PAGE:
I can't see any reason for makers to refuse detailed schematics, etc. And it has already been their *legal responsiblity* under the EU regs to ensure items can be repaired for a number of years after purchase. However they may dodge that in the way I was treated, and then you'd have to take them to court. Which is effectively impossible for most of us when faced with a company based out of the UK of any size.

    It's a parallel with the patent/IPR behaviour elsewhere. Big company has the lawyers and the money.
     
  16. SwapShop

    SwapShop Member

    This is all a bit worrying when you spend £,000's on expensive hifi
    I read the other day about one guy who had a 10 year old Leema amp and couldn't get it repaired / serviced !
    And I am waiting for a response from the Leema service email address currently !
     
  17. Vinny

    Vinny pfm Member

    The real enemy of repairability is surface mount, pick and place, and the consequent density of components on a board, for larger electronic circuits. For smaller circuits, it is simply the fact that bespoke chips are the norm, with few discretes.
     
  18. Jim Audiomisc

    Jim Audiomisc pfm Member


    But in both cases it is possible for a maker to ensure adequate stock to repair or replace boards, supply the required details, etc.
     
  19. Tony L

    Tony L Administrator

    I don’t agree with this as we are “allowed” to do so many other things. As examples I built both my bicycles from parts. My word that they are ‘roadworthy’ is enough to ride in busy traffic. A more extreme example is that you are allowed to change the brake pads or fuel lines on your own car. That’s a ton plus of heavy machinery capable of 70+ mph where one slip or error of judgment could wipe out a bus stop full of people. The logic of auto manufacturers is not to stop you changing the brake pads, it is more about denying access to energy management computers purely to lock you into extremely expensive service centres and ultimately make your car non-viable so you can be ‘upsold’ to buying a new one rather than fixing what you have.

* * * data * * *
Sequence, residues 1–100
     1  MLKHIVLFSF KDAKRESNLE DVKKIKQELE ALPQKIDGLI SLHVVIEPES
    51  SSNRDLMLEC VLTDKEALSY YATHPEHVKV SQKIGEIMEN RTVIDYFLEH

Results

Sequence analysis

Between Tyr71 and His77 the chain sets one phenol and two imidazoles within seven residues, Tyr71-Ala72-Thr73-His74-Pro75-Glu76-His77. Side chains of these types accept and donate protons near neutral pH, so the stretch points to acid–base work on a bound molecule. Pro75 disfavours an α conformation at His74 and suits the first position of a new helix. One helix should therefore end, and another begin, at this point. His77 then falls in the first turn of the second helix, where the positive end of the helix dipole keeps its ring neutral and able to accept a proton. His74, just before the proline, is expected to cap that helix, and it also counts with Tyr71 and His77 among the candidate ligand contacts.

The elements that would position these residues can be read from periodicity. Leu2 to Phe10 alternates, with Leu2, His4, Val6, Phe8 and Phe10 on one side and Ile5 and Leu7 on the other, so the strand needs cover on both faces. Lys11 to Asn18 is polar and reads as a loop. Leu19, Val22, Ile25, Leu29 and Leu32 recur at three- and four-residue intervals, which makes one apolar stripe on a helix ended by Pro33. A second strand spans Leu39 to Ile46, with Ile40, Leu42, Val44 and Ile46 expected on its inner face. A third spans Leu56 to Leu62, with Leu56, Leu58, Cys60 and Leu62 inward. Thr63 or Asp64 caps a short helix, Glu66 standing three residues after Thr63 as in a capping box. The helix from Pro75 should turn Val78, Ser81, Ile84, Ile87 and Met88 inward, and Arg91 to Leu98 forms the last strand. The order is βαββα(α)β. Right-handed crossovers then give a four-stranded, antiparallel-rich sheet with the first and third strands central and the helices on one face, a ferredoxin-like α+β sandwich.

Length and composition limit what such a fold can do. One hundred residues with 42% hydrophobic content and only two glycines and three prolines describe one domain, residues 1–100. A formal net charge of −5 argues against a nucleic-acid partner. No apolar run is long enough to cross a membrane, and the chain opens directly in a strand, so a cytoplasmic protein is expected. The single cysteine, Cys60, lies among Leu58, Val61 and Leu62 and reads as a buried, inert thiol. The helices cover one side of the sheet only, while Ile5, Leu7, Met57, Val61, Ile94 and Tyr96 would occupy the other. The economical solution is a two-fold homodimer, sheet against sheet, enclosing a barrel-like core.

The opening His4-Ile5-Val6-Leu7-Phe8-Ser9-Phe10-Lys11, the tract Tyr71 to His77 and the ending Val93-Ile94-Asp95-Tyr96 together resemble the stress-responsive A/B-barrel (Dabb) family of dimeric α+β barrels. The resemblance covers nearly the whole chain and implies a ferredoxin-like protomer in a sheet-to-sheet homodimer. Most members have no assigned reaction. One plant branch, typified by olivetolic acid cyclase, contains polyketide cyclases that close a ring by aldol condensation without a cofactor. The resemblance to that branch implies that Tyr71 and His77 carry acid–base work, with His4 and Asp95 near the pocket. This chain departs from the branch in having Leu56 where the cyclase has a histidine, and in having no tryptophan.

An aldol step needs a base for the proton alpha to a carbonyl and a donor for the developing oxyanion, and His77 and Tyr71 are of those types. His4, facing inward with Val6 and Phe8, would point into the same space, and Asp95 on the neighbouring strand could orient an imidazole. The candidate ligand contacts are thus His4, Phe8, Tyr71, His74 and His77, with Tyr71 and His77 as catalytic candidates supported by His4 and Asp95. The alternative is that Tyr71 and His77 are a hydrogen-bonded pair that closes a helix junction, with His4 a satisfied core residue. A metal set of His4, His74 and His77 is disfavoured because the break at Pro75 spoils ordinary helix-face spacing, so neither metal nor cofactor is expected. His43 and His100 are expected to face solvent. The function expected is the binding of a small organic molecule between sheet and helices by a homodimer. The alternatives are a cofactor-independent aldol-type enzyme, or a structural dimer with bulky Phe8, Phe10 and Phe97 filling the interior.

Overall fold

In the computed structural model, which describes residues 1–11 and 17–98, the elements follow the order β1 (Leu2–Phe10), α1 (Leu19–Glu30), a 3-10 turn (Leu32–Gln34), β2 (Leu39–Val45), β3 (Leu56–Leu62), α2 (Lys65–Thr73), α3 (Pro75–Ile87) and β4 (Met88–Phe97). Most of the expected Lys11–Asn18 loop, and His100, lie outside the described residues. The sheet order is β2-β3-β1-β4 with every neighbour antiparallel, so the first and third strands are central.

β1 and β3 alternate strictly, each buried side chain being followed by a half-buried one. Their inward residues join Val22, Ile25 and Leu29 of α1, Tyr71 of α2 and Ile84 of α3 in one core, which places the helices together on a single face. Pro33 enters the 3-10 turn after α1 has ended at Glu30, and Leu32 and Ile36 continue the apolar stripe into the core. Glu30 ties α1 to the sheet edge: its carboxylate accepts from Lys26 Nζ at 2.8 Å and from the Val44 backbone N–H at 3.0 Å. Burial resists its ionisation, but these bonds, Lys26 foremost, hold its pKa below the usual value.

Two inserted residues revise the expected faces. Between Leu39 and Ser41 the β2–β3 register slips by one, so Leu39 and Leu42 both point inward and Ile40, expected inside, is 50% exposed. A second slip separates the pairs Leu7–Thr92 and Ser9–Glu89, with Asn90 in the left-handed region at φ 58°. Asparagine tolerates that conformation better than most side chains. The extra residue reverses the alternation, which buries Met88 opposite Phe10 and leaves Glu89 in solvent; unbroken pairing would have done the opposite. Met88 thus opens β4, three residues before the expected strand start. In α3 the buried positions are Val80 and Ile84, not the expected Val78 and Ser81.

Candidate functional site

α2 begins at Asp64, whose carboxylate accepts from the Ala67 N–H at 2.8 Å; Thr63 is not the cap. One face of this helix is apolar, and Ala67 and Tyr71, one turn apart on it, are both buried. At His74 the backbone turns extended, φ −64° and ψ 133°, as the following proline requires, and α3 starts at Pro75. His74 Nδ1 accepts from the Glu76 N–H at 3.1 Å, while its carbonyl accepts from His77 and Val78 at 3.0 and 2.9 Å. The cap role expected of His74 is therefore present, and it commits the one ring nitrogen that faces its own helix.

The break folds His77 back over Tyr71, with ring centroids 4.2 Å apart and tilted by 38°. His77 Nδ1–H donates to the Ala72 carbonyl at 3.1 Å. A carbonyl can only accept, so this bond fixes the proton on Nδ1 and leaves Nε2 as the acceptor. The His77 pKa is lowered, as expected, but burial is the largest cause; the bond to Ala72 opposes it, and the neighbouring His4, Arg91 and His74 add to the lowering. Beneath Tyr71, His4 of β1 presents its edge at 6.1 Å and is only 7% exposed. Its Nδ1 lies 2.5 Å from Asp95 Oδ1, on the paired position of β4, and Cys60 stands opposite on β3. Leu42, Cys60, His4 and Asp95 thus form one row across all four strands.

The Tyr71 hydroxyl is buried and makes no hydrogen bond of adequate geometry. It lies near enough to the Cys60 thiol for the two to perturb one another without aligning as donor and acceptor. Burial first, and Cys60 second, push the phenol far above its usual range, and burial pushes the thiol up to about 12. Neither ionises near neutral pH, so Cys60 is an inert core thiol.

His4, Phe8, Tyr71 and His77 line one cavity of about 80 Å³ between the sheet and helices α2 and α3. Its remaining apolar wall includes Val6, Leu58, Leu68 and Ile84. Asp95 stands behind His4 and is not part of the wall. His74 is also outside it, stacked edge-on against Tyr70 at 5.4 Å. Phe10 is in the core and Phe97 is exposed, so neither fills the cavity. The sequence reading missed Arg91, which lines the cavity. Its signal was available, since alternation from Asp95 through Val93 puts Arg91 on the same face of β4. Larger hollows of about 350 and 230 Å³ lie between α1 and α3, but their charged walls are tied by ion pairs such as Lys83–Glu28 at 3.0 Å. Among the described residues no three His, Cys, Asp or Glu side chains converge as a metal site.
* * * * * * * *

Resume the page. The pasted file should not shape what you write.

I do think Louis Rossmann has the corporate politics of this pretty much banged to rights in the video I link in the first post. None of this is about safety, it is all about locking-in customers and ensuring repeat business, and even defining when that repeat business should occur. His analogy of boiling a frog is perfect, it is just a gradual stage where we shift from a fully documented modular and serviceable product to a single locked-in system where Apple or whoever actually tell you whether you are allowed to service it and at what point you must buy another new one from them. I find the trajectory from say 1967 Quad 303 to say 2020 iPad (I’m “typing” this post on one) really interesting as it is in effect an enforced social/cultural change dictated entirely by corporate behaviour. Nothing is about safety, it is all about controlling purchasing behaviour and denying access to things you actually own. The thing that makes me gag is when companies guilty of this locked-in replace/re-buy culture attempt to brag about green credentials.
     
    Iain, Simon s and Old Shatterhand like this.
  20. Yank

    Yank Bulbous Also Tapered

    Audio Research Corporation still provides a schematic with the owner's manual.
     
    djftw and Darren L like this.